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Homework Help: Simple Harmonic Motion w/ postion function

  1. Mar 9, 2010 #1
    The problem statement, with all known data/variables.
    A 500 g object is moving a horizontal frictionless surface. Its displacement from the origin is given by the equation: [tex]x(t) = (3.50m)\sin{[(\frac{\pi}{2})t + \frac{5\pi}{4}]}[/tex].

    a)what kind of motion is this?

    b)what is the amplitude of this motion?

    c)what is the period of this motion?

    d)what is the frequency of this motion?

    e)what is the linear velocity of this motion?

    f)what is the linear acceleration of this motion?

    g)what is the maximun kinetic energy of this system?

    h)What is the maximum potential energy of this system?

    i)What is the total mechanical energy of this system?

    Given :
    postion function x(t)
    Amplitude: A=3.50m
    mass = 500g= .500kg
    no friction is present

    2. Relevant equations
    [tex]x'(t)=v(t)[/tex]
    [tex]v'(t)=a(t)[/tex]
    [tex]KE(t)= \frac{1}{2} m{[v(t)]}^2[/tex]
    [tex]PE(t)= \frac{1}{2} k{[x(t)]}^2[/tex]
    [tex]E_{mech} = \frac{1}{2} k{A}^2[/tex]
    [tex]T= \frac{2\pi}{\omega}[/tex]
    [tex]x(t)= A\sin{[ t\omega + \phi]}[/tex]
    [tex]f=\frac{1}{T}[/tex]
    [tex]\omega = \sqrt{\frac{k}{m}[/tex]

    3. The attempt at a solution

    a) since the postion function is sinusoidal, this reflects simple harmonic motion.
    b) Given: A=3.50m (sinusoidal function)
    c)[tex]T= \frac{2\pi}{\omega}[/tex]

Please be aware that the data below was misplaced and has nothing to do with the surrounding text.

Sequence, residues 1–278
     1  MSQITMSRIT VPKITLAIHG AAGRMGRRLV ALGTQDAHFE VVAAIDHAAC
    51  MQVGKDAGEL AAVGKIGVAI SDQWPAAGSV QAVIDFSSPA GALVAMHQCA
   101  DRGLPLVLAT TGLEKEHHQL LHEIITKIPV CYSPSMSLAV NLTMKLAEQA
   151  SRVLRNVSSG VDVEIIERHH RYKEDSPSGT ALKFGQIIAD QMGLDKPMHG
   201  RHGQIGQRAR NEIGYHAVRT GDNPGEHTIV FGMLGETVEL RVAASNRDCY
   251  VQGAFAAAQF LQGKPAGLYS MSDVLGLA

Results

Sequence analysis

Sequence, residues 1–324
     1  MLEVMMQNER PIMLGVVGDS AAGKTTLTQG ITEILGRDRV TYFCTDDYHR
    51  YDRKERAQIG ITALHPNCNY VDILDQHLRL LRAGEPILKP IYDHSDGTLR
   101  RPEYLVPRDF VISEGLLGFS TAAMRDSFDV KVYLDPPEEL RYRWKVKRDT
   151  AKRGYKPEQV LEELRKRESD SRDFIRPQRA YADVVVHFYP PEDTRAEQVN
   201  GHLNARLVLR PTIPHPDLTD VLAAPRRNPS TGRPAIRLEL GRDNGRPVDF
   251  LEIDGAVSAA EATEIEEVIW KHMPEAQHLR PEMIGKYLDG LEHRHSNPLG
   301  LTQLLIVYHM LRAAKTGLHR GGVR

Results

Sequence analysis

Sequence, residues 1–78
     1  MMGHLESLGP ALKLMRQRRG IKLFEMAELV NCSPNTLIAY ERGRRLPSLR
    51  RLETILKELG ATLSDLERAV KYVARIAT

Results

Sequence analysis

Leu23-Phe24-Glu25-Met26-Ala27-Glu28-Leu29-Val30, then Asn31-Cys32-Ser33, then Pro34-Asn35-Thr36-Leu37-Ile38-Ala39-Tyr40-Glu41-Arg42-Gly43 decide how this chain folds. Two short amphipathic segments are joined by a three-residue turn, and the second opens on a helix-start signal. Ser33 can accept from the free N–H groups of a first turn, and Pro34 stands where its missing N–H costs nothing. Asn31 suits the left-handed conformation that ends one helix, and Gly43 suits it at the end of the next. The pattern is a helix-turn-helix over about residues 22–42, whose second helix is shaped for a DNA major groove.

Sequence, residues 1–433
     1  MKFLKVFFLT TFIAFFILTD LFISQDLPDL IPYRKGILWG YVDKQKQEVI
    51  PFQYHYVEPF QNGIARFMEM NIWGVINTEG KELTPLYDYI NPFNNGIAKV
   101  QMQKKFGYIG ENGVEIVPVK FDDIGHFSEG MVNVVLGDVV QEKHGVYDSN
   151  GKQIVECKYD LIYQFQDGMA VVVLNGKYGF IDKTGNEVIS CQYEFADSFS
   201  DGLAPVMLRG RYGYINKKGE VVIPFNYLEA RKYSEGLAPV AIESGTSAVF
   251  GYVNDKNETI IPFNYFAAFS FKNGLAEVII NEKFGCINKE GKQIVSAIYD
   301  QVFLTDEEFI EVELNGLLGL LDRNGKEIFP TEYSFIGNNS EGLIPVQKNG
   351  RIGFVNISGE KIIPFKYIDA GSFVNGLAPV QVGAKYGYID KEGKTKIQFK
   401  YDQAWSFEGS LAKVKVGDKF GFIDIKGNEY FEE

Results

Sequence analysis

[tex]T= \frac{2\pi}{\frac{\pi}{2}}[/tex]
    [tex]T=4[/tex]

    d) linear frequency [tex]f=\frac{1}{T}[/tex]
    [tex]f=\frac{1}{4}[/tex]

    e)differentiating x(t) gives [tex]v(t)= 3.50(\frac{\pi}{2})\cos{(\frac{\pi}{2} t + \frac{5\pi}{4})}[/tex]
    f)differentiating v(t) gives [tex]a(t)= -3.50(\frac{{\pi}^2}{4})sin{(\frac{\pi}{2} t + \frac{5\pi}{4})}[/tex]
    g) using the kinetic energy formula gives [tex]KE(t)= \frac{1}{2} (.500kg){[3.50(\frac{\pi}{2}) \cos(\frac{\pi}{2} t + \frac{5\pi}{4})]}^2[/tex]
    To find max KE, we to find the time that velocity is greatest. Using velocity graph, we see max values at t=0,4: Therefore v is greatest at t=4. Plugging this in KE(t), we get KE(4)=3.778 Joules

    h)First solve for k, [tex]T= \frac{2\pi}{\sqrt{\frac{k}{m}}}[/tex]
    I get k= .20264, and I get stuck here.

    i) Using total mech energy eqution I obtain total energy to be 1.24117 J

    I sense that something is not right with parts (g),(h), and (i). And I am unsure if parts (a-f) are correct. Thanks in advance!
     
  2. jcsd
  3. Mar 10, 2010 #2

    ehild

    User Avatar
    Homework Helper

    The body performs a simple harmonic motion. At what position is the kinetic energy maximum? What is the potential energy there? Where is the potential energy maximum? What is the KE there? If the maximum kinetic energy is E(max), what is the total energy?

    ehild
     
  4. Mar 10, 2010 #3
    There are quite a few things to be mentioned, but i can't for now. I will return later and help you conceptualize this mathematically. :)
     
  5. Mar 10, 2010 #4
    g) You are right to say that the KE is at a maximum when the velocity is at a maximum(in magnitude). Hence the angle in the cosine function of v(t) must be an integer multiple of pi. Which leads to t = 1.5(I don't know how you got t = 4?), or if you know your trig, you can simply conclude that the maximum value of cosine is = 1, hence the maximum velocity is simply (3.50)(pi/2) = 5.5m/s, maximum KE would then be (1/2)0.5(5.5)^2 = 7.56J.

    h) Well, since energy is conserved, the maximum potential energy would simply be the same as the maximum KE.

    i) Same here, the total mechanical energy is simply the same as the maximum amount of KE.
     
  6. Mar 11, 2010 #5
    Thank you very much! I realize that I need to review my energy concepts.
     
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